Climate Change and Agricultural Vulnerability

Fischer, G., Shah, M.M., & van Velthuizen, H.T. (2002). Climate Change and Agricultural Vulnerability. IIASA, Laxenburg, Austria

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The challenge of agriculture in the 21st century requires a systemic integration of the environmental, social and economic pillars of development to meet the needs of present generations without sacrificing the livelihoods of future generations. Over the next 50 years, the world population is projected to increase by some 3 billion, primarily in the developing countries. Yet, even today, some 800 million people go hungry daily, and more than a billion live on less than a dollar a day. This food insecurity and poverty affecting one-quarter of the world's population is a sad indictment of the failure to respond adequately in a time of unprecedented scientific progress and economic development. There is no way we can meet food security and poverty concerns without first addressing the issues of sustainable agricultural and rural development.

The methodology and results reported in this study form a first comprehensive and integrated global ecological-economic assessment of the impact of climate change on agro-ecosystems in the context of the world food and agricultural system. The Food and Agriculture Organization of the United Nations (FAO) and the International Institute for Applied Systems Analysis (IIASA) have developed a comprehensive methodology based on environmental principles, referred to as the agro-ecological zones methodology. This GIS-based framework combines crop modeling and environmental matching procedures to identify crop-specific environmental limitations under various levels of inputs and management conditions. This has facilitated comprehensive and geographically detailed assessments of climate-change impacts and agricultural vulnerability.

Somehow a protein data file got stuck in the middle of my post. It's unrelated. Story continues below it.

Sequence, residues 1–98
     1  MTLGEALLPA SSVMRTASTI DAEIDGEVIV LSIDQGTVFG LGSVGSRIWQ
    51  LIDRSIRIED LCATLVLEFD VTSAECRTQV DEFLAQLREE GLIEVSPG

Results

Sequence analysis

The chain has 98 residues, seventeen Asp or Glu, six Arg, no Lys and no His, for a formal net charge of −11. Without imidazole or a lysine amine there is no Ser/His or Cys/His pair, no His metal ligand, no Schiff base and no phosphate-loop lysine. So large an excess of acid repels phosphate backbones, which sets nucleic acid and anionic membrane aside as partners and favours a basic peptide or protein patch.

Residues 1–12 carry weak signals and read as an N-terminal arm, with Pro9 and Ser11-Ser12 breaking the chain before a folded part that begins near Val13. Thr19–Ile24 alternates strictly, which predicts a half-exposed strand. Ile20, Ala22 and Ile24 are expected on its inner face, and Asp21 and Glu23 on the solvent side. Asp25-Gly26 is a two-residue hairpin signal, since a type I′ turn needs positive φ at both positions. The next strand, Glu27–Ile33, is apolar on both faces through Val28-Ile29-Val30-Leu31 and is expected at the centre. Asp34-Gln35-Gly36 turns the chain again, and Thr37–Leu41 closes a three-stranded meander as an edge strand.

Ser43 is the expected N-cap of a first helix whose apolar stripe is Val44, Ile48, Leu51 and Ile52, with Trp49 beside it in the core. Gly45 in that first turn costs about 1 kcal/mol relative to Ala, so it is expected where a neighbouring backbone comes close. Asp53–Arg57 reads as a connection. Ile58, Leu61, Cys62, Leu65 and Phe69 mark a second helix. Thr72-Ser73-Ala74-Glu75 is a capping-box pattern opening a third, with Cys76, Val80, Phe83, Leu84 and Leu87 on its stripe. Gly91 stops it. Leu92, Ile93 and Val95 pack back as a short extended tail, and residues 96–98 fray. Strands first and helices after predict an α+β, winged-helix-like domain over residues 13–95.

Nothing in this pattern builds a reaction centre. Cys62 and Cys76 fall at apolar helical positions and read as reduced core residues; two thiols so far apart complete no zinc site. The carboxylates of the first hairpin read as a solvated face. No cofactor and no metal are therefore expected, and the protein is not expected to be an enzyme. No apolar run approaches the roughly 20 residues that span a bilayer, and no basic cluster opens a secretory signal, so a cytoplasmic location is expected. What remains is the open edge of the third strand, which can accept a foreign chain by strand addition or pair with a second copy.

The sensitivity of agro-ecosystems to climate change, as determined by the FAO/IIASA Agro-ecological Zones (AEZ) model, was assessed within the socio-economic scenarios defined by the Intergovernmental Panel on Climate Change (IPCC) Special Report on Emissions (SRES). For this purpose, IIASA's global linked model of the world food system was used. This modeling framework, referred to as the Basic Linked System (BLS), comprises a representation of all major economic sectors, and views national agricultural systems as embedded in national economies, which in turn interact with each other at the international level.

The BLS is a global general equilibrium model system for analyzing agricultural policies and food system prospects in an international setting. BLS views national agricultural systems as embedded in national economies, which interact with each other through financial flows and trade at the international level. The national models linked in the BLS cover about 80% of the most important attributes related to the world food system, such as population, land, agricultural production, demand, and trade. The remaining countries of the world are grouped into 14 regional models to provide closure for the world system, both geographically and economically. The national models simulate the behavior of producers, consumers, and the government. They distinguish two broad sectors: agriculture and non-agriculture. Agriculture produces nine aggregate commodities.